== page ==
If you’re a hiker, you’re guaranteed to find something to like in “A Walk in the Woods,” the movie adapted from Bill Bryson’s wonderfully comic book.
The question is: How much is there to like about the Hollywood hike on the Appalachian Trail?
I sure liked the book (published in 1998) a narrative by Bill Bryson (played by Robert Redford) about his AT hike with cantankerous old friend, inveterate womanizer and recovering alcoholic Stephen Katz (a pseudonymous character played by Nick Nolte) when they were both 44. Bryson’s story about the trail are engaging—particularly the asides on flora, trails, the National Park Service and wildlife (especially bears).
While age isn’t everything, a written narrative about two guys going a little bit middle-age crazy on a long hike is very different from the film story of two guys in their seventies hitting the trail—one assumes for a last hiking hurrah before passing gently into the night.
However, if you admire Robert Redford (79 at the film’s release) and Nick Nolte (74) you’ll probably enjoy this slow-motion meander along this trail with these two crusty hikers. Nostalgia. With two master craftsmen at work.
There are some amusing scenes such as when the two awake in the middle of the night and must confront a pair of bears eating their food that they failed to properly store. The face-off between roaring bears and roaring men is one of the film’s funniest moments.
Another fun moment occurs when Bryson and Katz, as they call each other, must ditch Mary Ellen (Kristen Schaal), a non-stop talking know-it-all hiker with all the charm of poison ivy. The other women in the film don’t have a whole lot to do: Mary Steenburgen as a roadside motel proprietress who makes a move on Bryson and Emma Thompson, as Catherine, Bryson’s British wife who thinks he’s bonkers for taking this hike.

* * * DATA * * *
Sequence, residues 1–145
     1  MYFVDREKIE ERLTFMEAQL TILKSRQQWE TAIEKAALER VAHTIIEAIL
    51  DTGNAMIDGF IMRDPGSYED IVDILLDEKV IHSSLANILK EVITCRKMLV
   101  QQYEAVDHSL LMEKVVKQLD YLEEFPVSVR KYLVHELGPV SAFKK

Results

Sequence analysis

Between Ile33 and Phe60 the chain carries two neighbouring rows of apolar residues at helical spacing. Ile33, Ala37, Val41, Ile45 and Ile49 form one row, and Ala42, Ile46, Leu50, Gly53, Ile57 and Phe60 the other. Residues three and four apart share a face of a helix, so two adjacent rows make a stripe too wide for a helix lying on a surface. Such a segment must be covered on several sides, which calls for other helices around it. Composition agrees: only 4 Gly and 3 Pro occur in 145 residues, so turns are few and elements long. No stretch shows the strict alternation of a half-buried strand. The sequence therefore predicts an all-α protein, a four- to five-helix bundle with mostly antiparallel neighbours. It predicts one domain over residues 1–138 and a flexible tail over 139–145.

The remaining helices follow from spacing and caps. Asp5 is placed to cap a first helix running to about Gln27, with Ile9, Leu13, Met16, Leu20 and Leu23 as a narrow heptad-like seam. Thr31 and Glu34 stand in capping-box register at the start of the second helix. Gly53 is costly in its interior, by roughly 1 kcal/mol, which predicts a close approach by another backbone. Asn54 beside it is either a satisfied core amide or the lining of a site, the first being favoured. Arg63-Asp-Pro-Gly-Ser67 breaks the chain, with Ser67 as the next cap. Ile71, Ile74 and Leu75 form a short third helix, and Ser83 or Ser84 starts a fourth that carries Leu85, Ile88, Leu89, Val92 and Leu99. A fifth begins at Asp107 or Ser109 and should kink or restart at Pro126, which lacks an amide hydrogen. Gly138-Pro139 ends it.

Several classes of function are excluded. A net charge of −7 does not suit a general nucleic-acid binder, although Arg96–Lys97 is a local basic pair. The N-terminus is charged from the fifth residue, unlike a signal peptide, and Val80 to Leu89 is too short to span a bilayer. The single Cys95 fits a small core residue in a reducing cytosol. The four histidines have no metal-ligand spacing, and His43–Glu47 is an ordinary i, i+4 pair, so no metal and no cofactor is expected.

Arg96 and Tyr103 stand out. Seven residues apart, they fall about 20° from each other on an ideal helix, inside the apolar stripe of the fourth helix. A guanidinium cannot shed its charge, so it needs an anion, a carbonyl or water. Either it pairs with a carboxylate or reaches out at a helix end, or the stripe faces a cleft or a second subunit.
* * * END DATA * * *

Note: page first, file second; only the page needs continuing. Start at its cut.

I have a weakness for buddy films, even if the narrative wanders and the story doesn’t have a strong beginning, middle or end. And I probably overlooked what a lot of moviegoers won’t: profanity and scatological humor that’s too much even for out-of-shape hikers.
My biggest disappointment in the movie was the cinematic portrayal of the Appalachian Trail. For me the movie lacked enough beauty shots and a sufficient variety of scenery for a trail that extends more than 2,000 miles from Georgia to Maine. The “Isn’t Nature Grand?” showpiece shots were awkwardly integrated into the narrative and then, to our annoyance are repeated like a highlight reel in the closing credits.
I give Robert Redford a tip of the hiker’s cap and three cheers for bringing “A Walk in the Woods” to the screen. But Bill Bryson’s writing does what Ken Kwapis’s filmmaking can’t do, which is to take you on memorable hike and really make you care about hikers and hiking, the natural world and our relationship to it.